Office of Institutional Equity, Effectiveness and Success

Strengthening and advancing diversity, equity and inclusion at Virginia Commonwealth University

A group of students sitting together on the floor. One student is speaking to a woman in a VCU Service-Learning shirt.

The Virginia Commonwealth University Service-Learning Office announced the publication of its 2021 Service-Learning Community Partner Impact (CPI) Assessment Report.

The CPI Assessment, which aims to understand the impact of service-learning on community partner organizations in order to ensure reciprocal, mutually beneficial partnerships, found an overall improvement in scores from the 2017 assessment despite difficulties caused by the COVID-19 pandemic. The latest assessment includes 18 in-depth phone interviews with partners from a representative sample of 27 service-learning courses.

The VCU Service-Learning Office oversees the university’s service-learning class designation process; provides service-learning professional development to faculty, students and community partners; and conducts evaluation of service-learning class offerings.

“The Service-Learning Office regularly conducts assessment of our three key stakeholder groups – VCU faculty, students, and community partners – to better understand the impact of service-learning and to improve our programs. The ongoing pandemic, social upheaval, and educational changes of the past few years have made this ever more important and urgent,” said Katie Elliott, associate director of service-learning. “With this particular assessment, we wanted to look closely at the university-community partnerships that were able to persist through the COVID-19 pandemic and the ensuing changes to VCU’s instruction and modalities, to better understand the assets that allowed them to persist and thrive, the challenges they navigated, and the ways that the Service-Learning Office can support community partners now and in the future.“

According to the report, community partners overwhelmingly agreed that service-learning partnerships were important to the organization’s operational capacity, economic functioning and social environment. Partners also reported that adaptation, communication, flexibility and personal investment helped partnerships between community organizations, faculty and students flourish.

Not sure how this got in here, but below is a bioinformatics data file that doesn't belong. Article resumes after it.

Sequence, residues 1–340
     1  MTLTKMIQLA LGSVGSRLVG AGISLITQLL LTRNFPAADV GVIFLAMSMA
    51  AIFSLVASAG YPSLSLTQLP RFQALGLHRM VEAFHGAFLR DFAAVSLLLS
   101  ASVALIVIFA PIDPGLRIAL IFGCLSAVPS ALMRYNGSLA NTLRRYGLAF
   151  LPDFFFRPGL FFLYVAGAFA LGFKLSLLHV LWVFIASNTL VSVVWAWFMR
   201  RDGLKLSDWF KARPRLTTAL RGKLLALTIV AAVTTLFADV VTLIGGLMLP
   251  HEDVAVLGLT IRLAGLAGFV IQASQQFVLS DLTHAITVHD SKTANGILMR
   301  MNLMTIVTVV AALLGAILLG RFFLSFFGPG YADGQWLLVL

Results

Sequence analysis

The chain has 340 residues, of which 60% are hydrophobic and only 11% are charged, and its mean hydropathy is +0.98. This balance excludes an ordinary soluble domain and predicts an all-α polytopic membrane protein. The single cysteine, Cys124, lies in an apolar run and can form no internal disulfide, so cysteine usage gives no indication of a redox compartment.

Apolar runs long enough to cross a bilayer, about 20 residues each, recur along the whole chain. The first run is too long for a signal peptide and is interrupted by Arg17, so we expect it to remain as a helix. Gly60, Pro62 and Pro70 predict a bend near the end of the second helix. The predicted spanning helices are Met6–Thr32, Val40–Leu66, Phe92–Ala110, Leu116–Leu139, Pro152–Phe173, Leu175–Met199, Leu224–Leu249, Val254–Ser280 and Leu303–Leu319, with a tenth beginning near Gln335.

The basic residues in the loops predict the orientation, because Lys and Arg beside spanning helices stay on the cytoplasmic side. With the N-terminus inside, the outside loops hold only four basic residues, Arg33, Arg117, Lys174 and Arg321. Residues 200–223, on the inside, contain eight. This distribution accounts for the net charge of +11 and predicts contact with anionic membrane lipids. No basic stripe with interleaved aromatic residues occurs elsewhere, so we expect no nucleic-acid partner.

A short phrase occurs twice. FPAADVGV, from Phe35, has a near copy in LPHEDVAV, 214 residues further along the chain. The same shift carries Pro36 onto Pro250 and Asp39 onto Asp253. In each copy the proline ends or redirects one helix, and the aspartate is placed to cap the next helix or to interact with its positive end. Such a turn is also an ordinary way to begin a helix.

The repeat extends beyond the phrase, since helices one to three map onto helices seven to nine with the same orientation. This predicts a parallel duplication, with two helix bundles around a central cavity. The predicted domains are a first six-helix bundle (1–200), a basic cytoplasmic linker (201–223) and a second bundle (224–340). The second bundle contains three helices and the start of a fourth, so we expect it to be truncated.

Partners identified areas of improvement, including increased preparation and involvement from students and faculty prior to the formal start of the partnership. Partners also identified the need to streamline processes and make materials accessible for developing future service-learning partnerships.

“Community partnerships are the lifeblood of the service-learning mission,” said Rebecca Hoppe, a doctoral student in the Department of Psychology’s developmental psychology program at the VCU College of Humanities and Sciences. Hoppe is the lead author of the assessment report and was hired as an external researcher to ensure the data integrity of the report. “This assessment aims to sustain partnerships by engaging and providing our community partners with a platform to voice their perspectives, concerns and suggestions, to which we can use to inform current and future practice.”

The impacts of the pandemic postponed the CPI Assessment by one year. The VCU Service-Learning Office will resume its typical three-year research cycle, with the next CPI Assessment to be conducted during the 2024-25 academic year.

“Our next steps will be to target our efforts to promote strong relationships and continue to find ways in which we can best serve our community partners,” Hoppe said.

The VCU Service-Learning Office also recently published its annual Service-Learning Impact Measure (SLIM) report. The SLIM report summarizes students’ perspectives on their learning outcomes and experiences in their service-learning classes.

For more information about the VCU Service-Learning Office or questions related to these reports, please contact Katie Elliott at

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